How to Collage with Inkscape

Greetings! Today I wanted to share a method I use for creating artwork…one that is quick, easy, and somewhat addicting. Creating collage using a digital program may seem daunting, but it’s actually a really easy way to make art, especially if you’re not as gifted in the whole technical aspect. For today I am using Inkscape, which at this time is a free program that can be downloaded (you can get it from their official website: Keep in mind the techniques I’m using today are somewhat advanced and although I will try to walk through it as simply as possible, you may also consider experimenting and becoming more familiar with Inkscape if you are a first time user before attempting this tutorial.

The first step for any type of collage-making is to collect materials for collage. Doing this digitally is easy, since there are so many great images on the internet. Google images is great for getting images if you know what specifically you’re looking for, but I also really like Pinterest for finding images, especially if I don’t have anything specific in mind. If you have a scanner, you can also scan images you have, which is nice if you want to use an image from, say, a magazine but don’t want to cut it out and stick it in a collage. I have an Inkscape file specifically for images I find. You can insert images into Inkscape by either copy/pasting it or importing the image (File–> Import. The image must be saved to your computer first).

Once you have a nice collection of pictures that inspire you, you may begin to collage.

Which brings one small conflict, how can we collage with Bitmap images in Inkscape? How can we cut up photos when they are not Inkscape images? Well, we must first make the image an Inkscape image. Once we do that, we can cut up the image and use it as we please. How we do that, though, is through a tedious multi-step process. Once you’ve used it a couple times and start to memorize it though, it will only take you a minute or two to manipulate an image:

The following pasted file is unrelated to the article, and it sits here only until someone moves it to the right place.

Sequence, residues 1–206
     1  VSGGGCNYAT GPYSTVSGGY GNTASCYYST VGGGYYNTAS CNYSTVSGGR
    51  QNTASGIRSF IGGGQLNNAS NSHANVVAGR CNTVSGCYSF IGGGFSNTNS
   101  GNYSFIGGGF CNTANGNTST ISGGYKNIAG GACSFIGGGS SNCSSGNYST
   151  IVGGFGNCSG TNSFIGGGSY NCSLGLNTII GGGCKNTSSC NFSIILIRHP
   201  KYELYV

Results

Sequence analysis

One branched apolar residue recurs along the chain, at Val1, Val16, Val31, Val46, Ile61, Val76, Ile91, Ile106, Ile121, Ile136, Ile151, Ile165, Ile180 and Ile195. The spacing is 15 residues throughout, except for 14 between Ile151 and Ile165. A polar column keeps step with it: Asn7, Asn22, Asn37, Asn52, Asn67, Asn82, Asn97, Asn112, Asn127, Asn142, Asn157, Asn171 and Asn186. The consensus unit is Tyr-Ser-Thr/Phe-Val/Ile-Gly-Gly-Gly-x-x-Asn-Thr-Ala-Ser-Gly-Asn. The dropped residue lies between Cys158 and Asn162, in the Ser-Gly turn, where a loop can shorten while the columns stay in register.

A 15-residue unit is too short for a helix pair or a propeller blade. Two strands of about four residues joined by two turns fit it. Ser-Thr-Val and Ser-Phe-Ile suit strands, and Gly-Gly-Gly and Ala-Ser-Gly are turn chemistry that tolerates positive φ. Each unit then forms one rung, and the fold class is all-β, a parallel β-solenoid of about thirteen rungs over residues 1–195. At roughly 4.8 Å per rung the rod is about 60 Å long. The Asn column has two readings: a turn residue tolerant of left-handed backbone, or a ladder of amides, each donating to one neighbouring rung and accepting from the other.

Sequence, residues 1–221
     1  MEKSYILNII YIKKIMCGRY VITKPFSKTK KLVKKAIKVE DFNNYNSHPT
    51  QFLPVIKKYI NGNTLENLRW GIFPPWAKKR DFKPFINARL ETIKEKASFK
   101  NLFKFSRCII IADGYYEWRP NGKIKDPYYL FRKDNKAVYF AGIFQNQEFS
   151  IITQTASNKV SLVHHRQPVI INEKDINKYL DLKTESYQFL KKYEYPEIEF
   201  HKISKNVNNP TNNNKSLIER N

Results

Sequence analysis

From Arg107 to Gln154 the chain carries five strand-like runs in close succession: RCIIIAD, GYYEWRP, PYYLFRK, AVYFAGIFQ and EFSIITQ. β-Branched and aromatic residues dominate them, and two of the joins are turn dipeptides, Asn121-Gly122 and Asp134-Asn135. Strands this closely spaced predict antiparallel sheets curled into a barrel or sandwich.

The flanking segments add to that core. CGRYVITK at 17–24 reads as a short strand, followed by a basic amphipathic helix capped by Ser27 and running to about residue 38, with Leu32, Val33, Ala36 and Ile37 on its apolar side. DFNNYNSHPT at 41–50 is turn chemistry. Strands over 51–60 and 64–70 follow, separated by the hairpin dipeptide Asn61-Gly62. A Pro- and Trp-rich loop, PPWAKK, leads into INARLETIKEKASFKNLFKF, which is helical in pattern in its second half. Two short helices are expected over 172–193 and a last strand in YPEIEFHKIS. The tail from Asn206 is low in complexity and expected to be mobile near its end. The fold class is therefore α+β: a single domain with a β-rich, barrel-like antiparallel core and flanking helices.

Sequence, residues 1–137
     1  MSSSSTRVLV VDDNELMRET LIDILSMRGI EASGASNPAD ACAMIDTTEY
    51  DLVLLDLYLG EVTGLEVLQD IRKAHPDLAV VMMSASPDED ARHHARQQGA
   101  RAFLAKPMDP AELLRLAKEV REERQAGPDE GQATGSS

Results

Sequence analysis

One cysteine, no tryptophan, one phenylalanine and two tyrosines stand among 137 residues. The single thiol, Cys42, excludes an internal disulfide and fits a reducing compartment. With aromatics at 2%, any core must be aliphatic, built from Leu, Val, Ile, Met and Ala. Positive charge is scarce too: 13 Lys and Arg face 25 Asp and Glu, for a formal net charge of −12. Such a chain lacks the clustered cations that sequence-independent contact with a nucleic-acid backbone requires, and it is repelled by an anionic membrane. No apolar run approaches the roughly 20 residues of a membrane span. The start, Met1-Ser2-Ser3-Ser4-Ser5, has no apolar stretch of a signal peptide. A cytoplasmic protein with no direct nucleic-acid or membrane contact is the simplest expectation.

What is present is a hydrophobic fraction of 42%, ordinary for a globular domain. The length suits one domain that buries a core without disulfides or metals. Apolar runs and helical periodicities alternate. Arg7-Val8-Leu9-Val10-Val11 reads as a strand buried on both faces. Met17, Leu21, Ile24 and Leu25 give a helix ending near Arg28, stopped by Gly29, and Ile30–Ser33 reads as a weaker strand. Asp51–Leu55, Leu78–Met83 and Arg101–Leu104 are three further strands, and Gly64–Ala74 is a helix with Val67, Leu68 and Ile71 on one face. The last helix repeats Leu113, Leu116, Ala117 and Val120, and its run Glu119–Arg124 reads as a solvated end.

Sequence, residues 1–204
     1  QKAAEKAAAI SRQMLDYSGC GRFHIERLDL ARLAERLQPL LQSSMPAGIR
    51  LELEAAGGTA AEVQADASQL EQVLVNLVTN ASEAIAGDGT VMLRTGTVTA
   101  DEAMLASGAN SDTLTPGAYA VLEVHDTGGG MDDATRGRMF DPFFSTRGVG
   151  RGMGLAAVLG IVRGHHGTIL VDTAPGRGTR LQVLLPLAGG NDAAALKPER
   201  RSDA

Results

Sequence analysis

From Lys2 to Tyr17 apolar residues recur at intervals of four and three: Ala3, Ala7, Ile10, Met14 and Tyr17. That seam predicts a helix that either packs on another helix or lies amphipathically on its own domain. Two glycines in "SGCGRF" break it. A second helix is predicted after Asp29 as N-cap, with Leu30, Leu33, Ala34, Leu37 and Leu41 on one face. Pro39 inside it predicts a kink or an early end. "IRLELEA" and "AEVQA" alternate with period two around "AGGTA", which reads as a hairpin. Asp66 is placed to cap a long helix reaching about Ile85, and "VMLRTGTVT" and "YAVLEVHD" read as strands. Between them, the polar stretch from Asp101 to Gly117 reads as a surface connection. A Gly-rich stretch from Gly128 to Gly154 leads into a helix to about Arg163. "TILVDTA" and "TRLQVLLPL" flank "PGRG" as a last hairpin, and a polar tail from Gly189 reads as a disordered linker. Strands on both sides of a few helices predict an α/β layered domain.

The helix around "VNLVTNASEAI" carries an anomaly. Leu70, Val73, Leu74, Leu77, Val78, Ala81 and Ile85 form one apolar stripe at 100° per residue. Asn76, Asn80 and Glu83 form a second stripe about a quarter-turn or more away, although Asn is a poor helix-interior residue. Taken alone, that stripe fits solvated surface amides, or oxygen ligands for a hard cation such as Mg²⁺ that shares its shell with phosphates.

1) First, add the image of choice by importing or copy/pasting it on your page.

2) Click Ctrl+d to make a copy. The copy will be right on top of the original image, so click and drag it away from the original. You are done with the original image, so you can delete it if you would like.

3) Next, click Object–> Pattern –> Object to Pattern at the top of your screen (make sure you have your copied image selected). This will save the image as a pattern for you to use.

4) If you don’t already have the Fill and Stroke panel open, go to the top of your screen and click Object –> Fill and Stroke.

5) The panel will open up on the right hand side of your screen. Click on the Fill tab. You will see several squares towards the top of that tab. Select the one that looks like a checkerboard.

6) Now use your Square/Rectangle tool (the blue square on the left hand side of your screen) to create a large square. Back to our Fill and Stroke Panel, select from the drop down menu the pattern you made (which will say pattern and a number). This will make the square’s fill the same as your image!

7) Now you can begin cutting up you image. Whatever parts you want to keep, trace around it with the Bezier tool. Now select the outline you just made and click on Object –> Raise to Top. Drag the outline on top of the patterned image.

8) Select the outline, then hold down the Shift key while you select the patterned image. Go to Path –> Intersection. Viola! You can also get rid of what’s on the inside of your outline by selecting Difference instead.

Like I said, this process may seem tedious at first but you get quicker at it with time. Plus, because you’re making a collage you don’t need to trace the object you’re cutting out perfectly, which also saves time.

The rest from there is up to you. In addition to using images, you can also use tools in Inkscape like filters to change your image. I hope you have enjoyed this tutorial… have fun collaging!

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